Skin cancer comes in three forms: basal cell, squamous cell and the worst kind, melanoma.
"So the part that makes melanoma bad is that it tends to spread inside. Our other types of skin cancers tend to stay on the surface but melanoma is that type of cancer that can spread on the inside," says Dr. Michelle Daffer, Dermatologist, Midlands Clinic.
Doctor Michelle Daffer, dermatologist at Midlands Clinic, says all types of skin cancers have two parts: genetics and exposure to things that damage the cells — especially ultra violent rays.
"And those light rays actually damage the cells and don’t let them grow correctly and eventually if they start to grow really funny that’s were we get skin cancer."
Dr. Daffer says they’ve seen an increase in melanoma cases among young women — her reasoning — tanning beds.
"Even one time in the tanning bed increases your risk of developing cancer. So we’re finding that tanning beds are more deadly than cigarettes. The amount of time and the amount of exposure that tanning beds cause more damage to our cells than cigarettes do."
To protect yourself against all types of skin cancers, Dr. Daffer suggests not using tanning beds, wearing sunscreen — SPF 30 or higher –, hats and UV protection clothing.
Dr. Daffer says early detection is key.
"The earlier you catch, the better off you do. We should be seeing a reduction in cancer rates. But with simple skin checks on a regular basis we could make a big difference."
So what is a skin check?
KTIV’s Michelle Schoening decided to have one done.
The skin check began with Dr. Daffer began with asking Michelle’s medical history.
"We also just look too about other things just going on with the skin cause we want to know if they bleed a lot, do they have a lot of rashes, do they have other things."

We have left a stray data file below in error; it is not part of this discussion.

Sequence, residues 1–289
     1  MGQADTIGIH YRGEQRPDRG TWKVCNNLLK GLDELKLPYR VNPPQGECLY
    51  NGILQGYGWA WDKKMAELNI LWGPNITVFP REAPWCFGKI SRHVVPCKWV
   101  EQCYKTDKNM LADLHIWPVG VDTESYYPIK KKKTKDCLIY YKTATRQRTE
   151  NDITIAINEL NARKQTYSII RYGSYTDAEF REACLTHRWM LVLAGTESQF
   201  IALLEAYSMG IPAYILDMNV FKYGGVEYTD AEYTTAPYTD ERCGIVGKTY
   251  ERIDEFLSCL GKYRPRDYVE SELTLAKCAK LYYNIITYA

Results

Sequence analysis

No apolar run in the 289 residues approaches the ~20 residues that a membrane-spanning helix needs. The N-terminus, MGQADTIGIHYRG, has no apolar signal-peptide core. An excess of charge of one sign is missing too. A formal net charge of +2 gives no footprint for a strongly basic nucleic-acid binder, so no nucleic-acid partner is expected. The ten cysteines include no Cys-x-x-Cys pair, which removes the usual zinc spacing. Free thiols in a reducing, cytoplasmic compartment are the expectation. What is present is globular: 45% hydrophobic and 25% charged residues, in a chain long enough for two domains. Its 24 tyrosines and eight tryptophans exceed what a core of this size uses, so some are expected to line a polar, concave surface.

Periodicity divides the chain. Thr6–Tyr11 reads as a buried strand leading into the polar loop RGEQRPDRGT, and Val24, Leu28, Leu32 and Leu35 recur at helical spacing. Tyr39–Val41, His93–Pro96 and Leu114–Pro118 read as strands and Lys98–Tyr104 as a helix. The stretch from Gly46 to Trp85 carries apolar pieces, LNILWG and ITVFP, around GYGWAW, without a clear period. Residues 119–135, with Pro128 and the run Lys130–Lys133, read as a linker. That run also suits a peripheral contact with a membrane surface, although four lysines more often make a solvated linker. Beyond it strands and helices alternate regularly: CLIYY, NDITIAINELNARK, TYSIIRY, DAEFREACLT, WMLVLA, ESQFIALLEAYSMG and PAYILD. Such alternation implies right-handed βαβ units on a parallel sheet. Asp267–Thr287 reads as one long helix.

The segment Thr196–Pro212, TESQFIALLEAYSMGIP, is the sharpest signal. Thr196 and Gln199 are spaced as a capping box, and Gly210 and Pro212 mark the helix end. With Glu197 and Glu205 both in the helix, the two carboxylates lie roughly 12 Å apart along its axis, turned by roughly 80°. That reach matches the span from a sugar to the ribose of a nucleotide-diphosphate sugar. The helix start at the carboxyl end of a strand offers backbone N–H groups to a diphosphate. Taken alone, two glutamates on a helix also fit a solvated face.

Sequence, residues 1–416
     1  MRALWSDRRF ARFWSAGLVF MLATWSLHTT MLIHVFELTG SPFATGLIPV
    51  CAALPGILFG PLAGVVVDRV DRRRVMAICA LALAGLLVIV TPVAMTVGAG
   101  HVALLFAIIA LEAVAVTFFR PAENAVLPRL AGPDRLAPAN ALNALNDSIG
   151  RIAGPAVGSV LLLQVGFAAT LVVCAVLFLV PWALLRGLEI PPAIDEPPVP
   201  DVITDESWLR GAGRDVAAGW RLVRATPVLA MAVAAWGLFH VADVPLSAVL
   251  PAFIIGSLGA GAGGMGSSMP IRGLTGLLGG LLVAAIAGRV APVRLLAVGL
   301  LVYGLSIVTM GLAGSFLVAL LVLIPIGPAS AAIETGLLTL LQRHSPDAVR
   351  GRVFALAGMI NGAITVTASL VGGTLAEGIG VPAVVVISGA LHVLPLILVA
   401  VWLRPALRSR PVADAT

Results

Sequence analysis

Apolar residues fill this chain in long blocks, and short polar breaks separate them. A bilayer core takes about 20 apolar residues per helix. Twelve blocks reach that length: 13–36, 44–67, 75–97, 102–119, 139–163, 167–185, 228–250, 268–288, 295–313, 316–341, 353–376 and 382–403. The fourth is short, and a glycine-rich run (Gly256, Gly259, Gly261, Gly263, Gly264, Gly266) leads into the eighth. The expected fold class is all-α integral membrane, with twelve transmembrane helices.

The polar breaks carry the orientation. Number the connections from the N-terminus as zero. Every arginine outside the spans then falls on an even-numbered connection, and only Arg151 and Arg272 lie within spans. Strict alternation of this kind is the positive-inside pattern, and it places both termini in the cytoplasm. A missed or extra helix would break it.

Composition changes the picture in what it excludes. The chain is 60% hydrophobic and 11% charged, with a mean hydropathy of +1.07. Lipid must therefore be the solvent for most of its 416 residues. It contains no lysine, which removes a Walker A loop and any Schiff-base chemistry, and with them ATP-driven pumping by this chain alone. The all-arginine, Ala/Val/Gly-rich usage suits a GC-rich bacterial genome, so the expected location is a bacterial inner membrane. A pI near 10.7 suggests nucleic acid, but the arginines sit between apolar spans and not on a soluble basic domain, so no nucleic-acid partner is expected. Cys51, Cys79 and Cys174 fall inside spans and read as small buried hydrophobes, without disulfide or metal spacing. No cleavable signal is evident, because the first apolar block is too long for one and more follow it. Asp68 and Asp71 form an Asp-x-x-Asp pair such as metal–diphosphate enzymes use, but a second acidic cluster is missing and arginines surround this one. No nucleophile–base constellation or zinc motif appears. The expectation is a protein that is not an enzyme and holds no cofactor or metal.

Dr. Daffer uses a special light called a dermoscopy to get a closer look at each mole.
"Actually we can see a pattern and there are some patterns that are normal patterns and there are some that lend us to think there could be some potential cancers, changes to do it. And so those actually look really good today."
If the doctor finds a mole that looks funny or concerning, then they talk to the patient about biopsying the mole to see if it’s cancerous.
Once the exam is over, the doctor makes a record of any moles that need to be watched and how the overall skin check went.
Overall, it took roughly 15 minutes for Dr. Daffer to check my skin.
And while Dr. Daffer says staying inside and away from UV rays isn’t realistic — it’s just all about being sun smart.
"It literally takes just a couple of seconds to put some extra sunscreen on, to put a shirt on, to make sure that if you’re just sitting there reading a book, you’re doing it in the shade."
Dr. Daffer suggests getting skin checks every six months or once a year.
However, she says it’s important to do monthly skin checks on your own by knowing the ABCDEs of melanoma.
To learn more about the ABCDEs and what to look for click here.